Thursday, September 14, 2017

Talking About A Pretend Real Bad Guy Trap

There was a "bad guy trap" being built on the corner of the rug. The builder commanded, "Teacher Tom, watch me!" so I watched him. I said, "I'm watching you."

He explained how the trap worked which involved the bad guy following a complicated, yet deviously enticing, obstacle course, which ultimately brought him to a room in which saws cut him in half.

I said, "That's would be a bad thing for a bad guy."

He answered, "Yes."

I was lying on my stomach, the box of plastic farm animals at my shoulder. There was a rather fierce looking bull right on top so I grabbed it, saying, "This bull is also watching you," positioning it appropriately.

"I'll show you." He picked up a small cow figurine and walked it through the obstacle course right through being sawed in half.

I said, "That must have hurt the cow."

He answered, "Yes."

I shook my head, "I don't like to get hurt."

There was a long pause as we both sat with our thoughts. Then he perked up, "But bad guys like to get hurt!"

"Oh! So they like it when they're cut in half?"

He answered, "Yes."

"Well then I guess that's not so bad, although I don't really like the idea of anyone getting cut in half."

He answered, "It's not a person, it's a cow."

Bam! He had me. I said, "Yeah, I guess you're right, cows have to get cut in half if we're going to eat hamburgers."

He answered, "Yes." Then, "And they're bad guy cows, so they like to get ate."

I took a model sheep from the farm animal box. I said, "This sheep is also watching you," placing it beside the bull.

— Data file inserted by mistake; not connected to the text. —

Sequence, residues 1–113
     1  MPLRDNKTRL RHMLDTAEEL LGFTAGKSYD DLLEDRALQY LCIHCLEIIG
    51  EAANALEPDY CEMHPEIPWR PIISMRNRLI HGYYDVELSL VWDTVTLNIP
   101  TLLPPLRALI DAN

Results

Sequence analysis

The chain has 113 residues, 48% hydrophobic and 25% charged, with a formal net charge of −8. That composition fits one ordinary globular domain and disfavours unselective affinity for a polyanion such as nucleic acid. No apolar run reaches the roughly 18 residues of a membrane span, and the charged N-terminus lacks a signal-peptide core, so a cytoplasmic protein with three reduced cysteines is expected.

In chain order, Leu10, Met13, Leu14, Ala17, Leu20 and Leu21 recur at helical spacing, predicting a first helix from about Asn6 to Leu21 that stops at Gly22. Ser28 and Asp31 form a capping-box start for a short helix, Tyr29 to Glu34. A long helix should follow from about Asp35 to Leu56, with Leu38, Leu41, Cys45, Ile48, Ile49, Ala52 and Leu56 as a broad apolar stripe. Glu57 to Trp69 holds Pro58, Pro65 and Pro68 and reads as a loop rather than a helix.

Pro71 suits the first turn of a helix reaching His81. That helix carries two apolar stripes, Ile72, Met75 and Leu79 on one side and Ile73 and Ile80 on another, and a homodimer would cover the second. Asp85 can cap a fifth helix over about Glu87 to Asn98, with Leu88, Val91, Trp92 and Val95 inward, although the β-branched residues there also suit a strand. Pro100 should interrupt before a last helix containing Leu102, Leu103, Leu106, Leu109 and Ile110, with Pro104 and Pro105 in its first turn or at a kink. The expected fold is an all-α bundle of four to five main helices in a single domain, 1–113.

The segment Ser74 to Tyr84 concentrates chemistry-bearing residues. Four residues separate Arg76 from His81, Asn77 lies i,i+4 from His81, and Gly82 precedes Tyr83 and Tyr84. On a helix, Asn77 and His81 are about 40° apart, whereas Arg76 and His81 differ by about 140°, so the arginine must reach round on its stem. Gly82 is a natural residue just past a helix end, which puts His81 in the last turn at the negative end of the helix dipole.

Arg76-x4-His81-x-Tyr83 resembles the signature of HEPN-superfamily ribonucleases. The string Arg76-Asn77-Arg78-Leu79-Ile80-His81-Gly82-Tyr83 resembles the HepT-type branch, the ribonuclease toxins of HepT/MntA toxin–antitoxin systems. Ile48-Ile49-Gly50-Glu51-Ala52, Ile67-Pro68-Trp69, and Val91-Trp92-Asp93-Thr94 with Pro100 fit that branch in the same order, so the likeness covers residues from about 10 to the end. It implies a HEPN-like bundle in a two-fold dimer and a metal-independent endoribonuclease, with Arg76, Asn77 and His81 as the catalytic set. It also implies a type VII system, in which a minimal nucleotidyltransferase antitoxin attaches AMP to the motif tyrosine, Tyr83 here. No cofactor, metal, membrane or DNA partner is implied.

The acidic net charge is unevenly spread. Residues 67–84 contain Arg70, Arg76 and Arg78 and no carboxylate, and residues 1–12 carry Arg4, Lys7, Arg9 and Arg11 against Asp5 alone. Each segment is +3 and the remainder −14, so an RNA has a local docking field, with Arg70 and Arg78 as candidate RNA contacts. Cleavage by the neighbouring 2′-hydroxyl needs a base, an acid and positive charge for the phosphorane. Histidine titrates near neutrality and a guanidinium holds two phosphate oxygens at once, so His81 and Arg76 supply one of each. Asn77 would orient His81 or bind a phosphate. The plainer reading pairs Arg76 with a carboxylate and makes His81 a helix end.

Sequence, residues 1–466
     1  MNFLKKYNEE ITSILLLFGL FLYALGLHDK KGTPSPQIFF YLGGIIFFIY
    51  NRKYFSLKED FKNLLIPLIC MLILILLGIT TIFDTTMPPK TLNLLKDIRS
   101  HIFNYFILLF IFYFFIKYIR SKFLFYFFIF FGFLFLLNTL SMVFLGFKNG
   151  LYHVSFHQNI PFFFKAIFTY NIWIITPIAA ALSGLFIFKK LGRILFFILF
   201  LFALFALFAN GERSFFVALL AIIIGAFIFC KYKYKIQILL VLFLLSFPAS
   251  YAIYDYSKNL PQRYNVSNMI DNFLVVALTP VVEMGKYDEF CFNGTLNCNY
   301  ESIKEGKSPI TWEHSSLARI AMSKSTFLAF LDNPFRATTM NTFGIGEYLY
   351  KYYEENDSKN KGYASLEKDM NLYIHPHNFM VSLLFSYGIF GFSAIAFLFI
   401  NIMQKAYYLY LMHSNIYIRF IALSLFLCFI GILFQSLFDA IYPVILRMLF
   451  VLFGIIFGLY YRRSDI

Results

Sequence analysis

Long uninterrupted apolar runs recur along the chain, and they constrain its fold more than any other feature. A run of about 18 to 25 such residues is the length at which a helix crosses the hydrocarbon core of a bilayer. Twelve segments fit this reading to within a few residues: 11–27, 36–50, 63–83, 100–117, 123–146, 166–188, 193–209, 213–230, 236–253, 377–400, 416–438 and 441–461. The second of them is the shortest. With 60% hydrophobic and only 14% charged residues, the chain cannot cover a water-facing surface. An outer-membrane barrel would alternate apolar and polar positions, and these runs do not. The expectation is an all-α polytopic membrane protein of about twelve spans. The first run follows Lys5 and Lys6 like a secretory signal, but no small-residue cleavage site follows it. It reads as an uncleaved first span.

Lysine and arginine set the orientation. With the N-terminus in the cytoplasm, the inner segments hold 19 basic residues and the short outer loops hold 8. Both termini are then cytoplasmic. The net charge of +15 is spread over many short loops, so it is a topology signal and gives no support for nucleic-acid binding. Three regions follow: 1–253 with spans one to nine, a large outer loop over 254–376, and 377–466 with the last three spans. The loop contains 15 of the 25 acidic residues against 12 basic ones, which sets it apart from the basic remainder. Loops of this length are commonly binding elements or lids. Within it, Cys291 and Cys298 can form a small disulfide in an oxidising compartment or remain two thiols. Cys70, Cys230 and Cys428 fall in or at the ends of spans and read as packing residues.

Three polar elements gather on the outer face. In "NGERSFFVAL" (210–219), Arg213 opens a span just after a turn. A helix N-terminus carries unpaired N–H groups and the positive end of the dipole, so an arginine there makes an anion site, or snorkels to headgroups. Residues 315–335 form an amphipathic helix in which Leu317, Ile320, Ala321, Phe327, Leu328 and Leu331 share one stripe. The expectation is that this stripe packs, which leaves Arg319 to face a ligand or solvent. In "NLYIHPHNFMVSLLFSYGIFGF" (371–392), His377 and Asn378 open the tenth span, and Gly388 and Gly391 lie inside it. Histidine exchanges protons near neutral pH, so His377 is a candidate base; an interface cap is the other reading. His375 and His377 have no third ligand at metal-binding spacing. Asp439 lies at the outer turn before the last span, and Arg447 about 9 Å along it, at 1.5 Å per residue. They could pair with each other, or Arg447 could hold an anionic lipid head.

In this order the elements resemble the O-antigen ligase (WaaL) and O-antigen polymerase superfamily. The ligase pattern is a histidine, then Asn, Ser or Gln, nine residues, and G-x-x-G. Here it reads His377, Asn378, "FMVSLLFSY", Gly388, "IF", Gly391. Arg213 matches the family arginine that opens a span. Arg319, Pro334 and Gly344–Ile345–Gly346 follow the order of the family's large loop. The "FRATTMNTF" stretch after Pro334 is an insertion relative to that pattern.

"Teacher Tom," he said, "But we can't play yet because my bad guy trap isn't finished."

I told him that we (referring to both the plastic farm animals as well as the small clutch of kids who had become interested bystanders to our conversation) would have to wait until the trap was finished, adding, "And now this pig is watching you," as I put it alongside the other animals. He answered, "Yes."

As we waited, the other children began adding farm animals. By the time he declared the trap finished, we had recruited a formidable line-up of livestock to watch him.

He said, "Watch me, Teacher Tom!"

I said, "We are all watching you," gesturing toward both the animals and the gathered children.

He then showed us how the bad guy trap worked, a more elaborate version of the original, still ending in a room full of saws.

I said, "I sure hope there aren't any bad guys around here because if there are that trap would sure hurt them!"

He answered, "Yes."

I said, "We're good guys. Everybody here's a good guy, right?" There was general agreement that all present fell into the more virtuous camp. "Good thing there aren't any bad guys around," another comment that was greeted with general consent.

Then our trap builder said, "But there are real bad guys! Like zombies and ghosts."

I said, "Zombies and ghosts aren't real."

He said, "Yes," adding for clarification, "but they're pretend real."

The expression delighted me, so I repeated it, "Pretend real!" Several of the other children then echoed me, "Pretend real!"  I said, "The animals are pretend real watching you."

"But you're real real watching me, right?" When I answered yes, he replied, "Then watch what happens when this pretend real bad guy cow goes in my pretend real bad guy trap."

I said, "We're all watching," to which he replied, "Yes."

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